In a career spanning three decades, Galella continued to photograph celebrities at their best and worst. After the Marlon Brandon broken jaw incident, he followed him with a football helmet for protection and continued to chase Burton, even after being seriously beaten up by his bodyguards. Later in the 80s and 90s, he snapped celebrities such as John Travolta, Michael Jackson and Mick Jagger.
This drive and ambition, however, was more of a survival instinct, according to Galella, a job he took up in 1958 upon graduating from Art Center College in Hollywood, when he could not afford a studio in Manhattan. “I was forced to shoot on the street at premieres, Broadway openings, Studio 54, etc., and develop my film in my darkroom in the Bronx,” he explains.
“Throughout my career, I was able to offer more realistic, truthful pictures of celebrities rather than the posed pictures that studio photographers like Avedon produced, which were more commercial as opposed to editorial. However, the photographers in Fellini’s La Dolce Vita were fairly negative since they ganged up on stars and provoked them to get more sellable shots. They were actually very much like the photographers of today, especially those in L.A.”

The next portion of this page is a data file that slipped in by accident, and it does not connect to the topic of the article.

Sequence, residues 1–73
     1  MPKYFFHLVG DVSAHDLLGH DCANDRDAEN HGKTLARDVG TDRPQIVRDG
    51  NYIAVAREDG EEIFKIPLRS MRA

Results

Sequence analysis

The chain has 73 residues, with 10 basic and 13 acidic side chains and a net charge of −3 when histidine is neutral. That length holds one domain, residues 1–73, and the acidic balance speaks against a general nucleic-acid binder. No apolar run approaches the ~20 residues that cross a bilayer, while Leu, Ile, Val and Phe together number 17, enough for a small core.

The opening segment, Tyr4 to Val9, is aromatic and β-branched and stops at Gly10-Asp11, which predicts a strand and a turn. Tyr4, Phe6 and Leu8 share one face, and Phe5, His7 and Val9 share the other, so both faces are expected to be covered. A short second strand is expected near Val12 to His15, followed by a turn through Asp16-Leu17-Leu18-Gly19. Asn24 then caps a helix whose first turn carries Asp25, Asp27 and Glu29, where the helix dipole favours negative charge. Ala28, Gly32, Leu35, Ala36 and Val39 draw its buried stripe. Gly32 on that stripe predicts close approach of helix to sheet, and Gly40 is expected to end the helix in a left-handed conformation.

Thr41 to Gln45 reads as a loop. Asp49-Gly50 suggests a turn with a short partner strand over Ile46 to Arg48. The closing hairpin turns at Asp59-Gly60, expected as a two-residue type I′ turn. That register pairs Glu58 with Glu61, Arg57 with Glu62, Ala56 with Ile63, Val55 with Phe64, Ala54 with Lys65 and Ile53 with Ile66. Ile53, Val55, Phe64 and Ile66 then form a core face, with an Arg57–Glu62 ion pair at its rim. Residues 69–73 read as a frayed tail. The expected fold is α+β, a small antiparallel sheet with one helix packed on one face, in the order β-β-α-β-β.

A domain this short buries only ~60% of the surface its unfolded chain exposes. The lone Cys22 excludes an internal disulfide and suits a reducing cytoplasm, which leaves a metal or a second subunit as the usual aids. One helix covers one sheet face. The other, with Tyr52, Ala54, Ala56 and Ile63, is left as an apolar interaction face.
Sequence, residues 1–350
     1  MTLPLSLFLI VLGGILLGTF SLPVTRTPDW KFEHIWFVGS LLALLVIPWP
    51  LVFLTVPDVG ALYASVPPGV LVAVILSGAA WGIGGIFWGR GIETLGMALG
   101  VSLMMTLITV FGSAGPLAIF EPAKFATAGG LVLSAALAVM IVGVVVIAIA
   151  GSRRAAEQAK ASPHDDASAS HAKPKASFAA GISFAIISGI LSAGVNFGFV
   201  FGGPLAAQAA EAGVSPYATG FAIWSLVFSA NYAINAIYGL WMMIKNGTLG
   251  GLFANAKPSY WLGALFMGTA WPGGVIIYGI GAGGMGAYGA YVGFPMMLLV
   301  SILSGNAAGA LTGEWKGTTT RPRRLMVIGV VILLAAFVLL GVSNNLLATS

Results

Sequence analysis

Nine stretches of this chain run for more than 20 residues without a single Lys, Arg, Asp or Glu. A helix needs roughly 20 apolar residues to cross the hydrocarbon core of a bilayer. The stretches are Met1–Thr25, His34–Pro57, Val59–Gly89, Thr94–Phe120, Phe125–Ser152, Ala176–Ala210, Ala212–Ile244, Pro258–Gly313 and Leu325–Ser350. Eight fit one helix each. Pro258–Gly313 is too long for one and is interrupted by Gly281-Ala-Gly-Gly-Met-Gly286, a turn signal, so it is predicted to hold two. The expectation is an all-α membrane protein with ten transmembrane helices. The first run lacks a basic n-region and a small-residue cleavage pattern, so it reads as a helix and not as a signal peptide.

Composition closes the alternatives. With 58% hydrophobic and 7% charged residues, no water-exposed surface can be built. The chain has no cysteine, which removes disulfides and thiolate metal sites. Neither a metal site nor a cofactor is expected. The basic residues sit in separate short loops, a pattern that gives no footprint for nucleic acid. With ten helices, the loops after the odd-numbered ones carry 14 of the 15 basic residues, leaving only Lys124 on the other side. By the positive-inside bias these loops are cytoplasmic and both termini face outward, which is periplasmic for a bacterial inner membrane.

Today, celebrities and Hollywood starlets have also learnt to use the paparazzi as a PR vehicle, an exercise in self-promotion. However, these set-up paparazzi shots do not fetch more than a $75 each, while genuine pictures of certain celebrities are extremely lucrative, and can bring in millions of dollars for the paparazzo. The quality of paparazzi pictures may have been reduced to horrifying crotch shots of desperate Hollywood starlets seen stepping out of cars, and vintage flashbulb cameras may have been replaced by sophisticated super-zoom digital cameras, but the spirit of paparazzi remains unchanged. The ghost of Fellini’s Paparazzo perhaps still lurks behind trees and in the backseat of cars, for that perfectly incriminating shot of the Next Big Thing.